Safeguarding WMD Expertise: Lessons Learned from Iraq


December 26, 2011, marks the 20th anniversary of the collapse of the Soviet Union. It was cause for celebrations in the West, but also for grave concern because it unleashed enormous security challenges. Vast stockpiles of weapons of mass destruction (WMD) and the materials to make them suddenly were at risk, potentially available for theft or sale to the highest bidder.

The world has changed greatly during these past two decades, complicating efforts to secure remaining Cold War WMD materials and posing new threats in new places. Calls by scholars and policymakers to revise CTR programs have been growing in recent years.The National Academy of Sciences recently completed an extensive study, recommending a major reorganization of the programs, which the academy dubbed CTR 2.0. CTR programs have been adapting, but much more needs to be done to fulfill President Barack Obama’s 2009 commitment to secure all nuclear materials in four years, let alone protect against the full range of WMD threats.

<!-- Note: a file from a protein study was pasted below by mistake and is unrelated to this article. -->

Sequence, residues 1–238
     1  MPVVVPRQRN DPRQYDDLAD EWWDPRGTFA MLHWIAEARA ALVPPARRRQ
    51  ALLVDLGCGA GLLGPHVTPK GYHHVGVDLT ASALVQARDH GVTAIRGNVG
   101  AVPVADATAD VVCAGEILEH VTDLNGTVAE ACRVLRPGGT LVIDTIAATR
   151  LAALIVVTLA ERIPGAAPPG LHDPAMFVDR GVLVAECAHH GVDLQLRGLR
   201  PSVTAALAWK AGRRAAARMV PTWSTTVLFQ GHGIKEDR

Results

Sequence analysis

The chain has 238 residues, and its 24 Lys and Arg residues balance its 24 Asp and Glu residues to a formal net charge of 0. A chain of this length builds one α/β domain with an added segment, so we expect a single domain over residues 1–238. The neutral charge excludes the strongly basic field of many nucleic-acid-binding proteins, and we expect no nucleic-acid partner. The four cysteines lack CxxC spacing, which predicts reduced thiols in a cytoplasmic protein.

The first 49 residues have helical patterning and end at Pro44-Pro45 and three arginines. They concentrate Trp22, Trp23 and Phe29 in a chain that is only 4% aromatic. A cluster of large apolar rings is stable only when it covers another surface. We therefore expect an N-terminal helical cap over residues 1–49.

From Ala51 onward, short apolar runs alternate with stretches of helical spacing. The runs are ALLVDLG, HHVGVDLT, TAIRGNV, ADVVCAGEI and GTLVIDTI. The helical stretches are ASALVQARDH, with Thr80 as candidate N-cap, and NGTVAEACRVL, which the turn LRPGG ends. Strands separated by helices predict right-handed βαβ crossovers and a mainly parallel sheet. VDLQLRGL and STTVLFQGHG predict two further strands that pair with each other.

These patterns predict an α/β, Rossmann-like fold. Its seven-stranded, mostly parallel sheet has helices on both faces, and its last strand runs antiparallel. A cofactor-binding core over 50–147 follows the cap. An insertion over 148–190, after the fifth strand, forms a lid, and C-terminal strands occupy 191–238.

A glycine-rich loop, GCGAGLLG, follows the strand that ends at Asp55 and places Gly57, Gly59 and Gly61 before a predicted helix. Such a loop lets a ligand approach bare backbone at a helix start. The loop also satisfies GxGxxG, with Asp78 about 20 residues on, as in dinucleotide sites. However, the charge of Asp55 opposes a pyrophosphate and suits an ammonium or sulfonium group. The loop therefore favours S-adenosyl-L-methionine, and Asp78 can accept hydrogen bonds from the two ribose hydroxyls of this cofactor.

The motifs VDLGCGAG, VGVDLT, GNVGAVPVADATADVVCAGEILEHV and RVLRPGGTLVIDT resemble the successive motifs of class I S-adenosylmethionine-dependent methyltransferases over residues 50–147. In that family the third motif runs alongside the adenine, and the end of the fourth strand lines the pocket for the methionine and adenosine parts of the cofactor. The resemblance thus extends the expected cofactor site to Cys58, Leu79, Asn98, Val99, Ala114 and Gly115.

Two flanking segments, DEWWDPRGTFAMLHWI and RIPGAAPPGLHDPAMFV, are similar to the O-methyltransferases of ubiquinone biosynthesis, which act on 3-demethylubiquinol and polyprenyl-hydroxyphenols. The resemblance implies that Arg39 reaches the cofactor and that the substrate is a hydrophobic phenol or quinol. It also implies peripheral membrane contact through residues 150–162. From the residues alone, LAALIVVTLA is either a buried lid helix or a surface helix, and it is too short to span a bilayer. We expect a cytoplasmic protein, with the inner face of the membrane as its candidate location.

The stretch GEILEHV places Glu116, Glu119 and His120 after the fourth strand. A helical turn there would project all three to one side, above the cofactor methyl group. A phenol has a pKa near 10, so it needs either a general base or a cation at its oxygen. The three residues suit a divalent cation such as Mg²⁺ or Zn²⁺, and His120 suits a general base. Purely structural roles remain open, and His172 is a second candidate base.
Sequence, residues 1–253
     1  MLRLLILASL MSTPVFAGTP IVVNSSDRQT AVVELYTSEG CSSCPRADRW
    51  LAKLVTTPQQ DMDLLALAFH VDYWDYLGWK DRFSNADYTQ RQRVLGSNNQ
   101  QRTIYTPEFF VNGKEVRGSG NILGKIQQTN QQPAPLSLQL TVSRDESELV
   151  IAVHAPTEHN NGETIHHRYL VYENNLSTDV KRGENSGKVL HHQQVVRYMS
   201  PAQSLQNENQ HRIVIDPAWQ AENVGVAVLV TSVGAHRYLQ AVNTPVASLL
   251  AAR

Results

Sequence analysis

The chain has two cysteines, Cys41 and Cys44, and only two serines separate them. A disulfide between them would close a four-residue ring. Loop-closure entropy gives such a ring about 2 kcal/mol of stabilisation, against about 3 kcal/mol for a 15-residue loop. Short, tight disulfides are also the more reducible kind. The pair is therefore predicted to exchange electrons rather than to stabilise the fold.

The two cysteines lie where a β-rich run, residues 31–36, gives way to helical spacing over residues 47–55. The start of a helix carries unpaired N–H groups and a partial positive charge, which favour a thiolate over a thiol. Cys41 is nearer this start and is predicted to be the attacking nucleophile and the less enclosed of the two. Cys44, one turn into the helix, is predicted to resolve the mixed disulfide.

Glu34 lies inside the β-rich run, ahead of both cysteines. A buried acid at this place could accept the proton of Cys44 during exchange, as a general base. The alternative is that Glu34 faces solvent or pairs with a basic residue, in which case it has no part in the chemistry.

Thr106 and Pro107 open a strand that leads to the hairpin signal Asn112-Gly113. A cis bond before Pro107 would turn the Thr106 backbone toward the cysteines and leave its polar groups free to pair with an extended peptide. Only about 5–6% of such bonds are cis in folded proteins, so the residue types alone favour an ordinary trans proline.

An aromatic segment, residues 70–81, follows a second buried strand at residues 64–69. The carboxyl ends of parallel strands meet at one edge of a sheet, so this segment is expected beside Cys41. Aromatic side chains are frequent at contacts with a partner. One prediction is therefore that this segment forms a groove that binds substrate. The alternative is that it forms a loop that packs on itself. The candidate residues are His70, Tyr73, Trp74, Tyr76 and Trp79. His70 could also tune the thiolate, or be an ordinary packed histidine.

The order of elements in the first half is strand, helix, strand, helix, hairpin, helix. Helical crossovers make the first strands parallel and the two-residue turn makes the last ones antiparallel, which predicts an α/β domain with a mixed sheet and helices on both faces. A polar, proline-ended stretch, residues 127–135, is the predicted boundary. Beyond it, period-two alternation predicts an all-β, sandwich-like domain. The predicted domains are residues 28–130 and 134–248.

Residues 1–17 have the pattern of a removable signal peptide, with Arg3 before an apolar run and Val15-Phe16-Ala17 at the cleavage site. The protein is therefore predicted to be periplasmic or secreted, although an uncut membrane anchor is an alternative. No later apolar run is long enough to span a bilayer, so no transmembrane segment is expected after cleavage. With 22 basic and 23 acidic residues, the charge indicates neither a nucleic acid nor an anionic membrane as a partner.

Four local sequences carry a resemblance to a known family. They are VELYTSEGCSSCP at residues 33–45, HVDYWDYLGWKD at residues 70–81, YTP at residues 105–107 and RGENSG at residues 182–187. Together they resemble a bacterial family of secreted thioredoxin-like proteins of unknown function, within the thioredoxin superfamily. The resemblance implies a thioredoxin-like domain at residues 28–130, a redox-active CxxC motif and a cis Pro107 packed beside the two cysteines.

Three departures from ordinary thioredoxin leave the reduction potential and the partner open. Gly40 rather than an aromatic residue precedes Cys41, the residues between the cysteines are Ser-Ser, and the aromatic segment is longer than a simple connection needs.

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Copyright © 2011 Arms Control Association. This article first appeared in Arms Control Today 41 (2011), 8-14.

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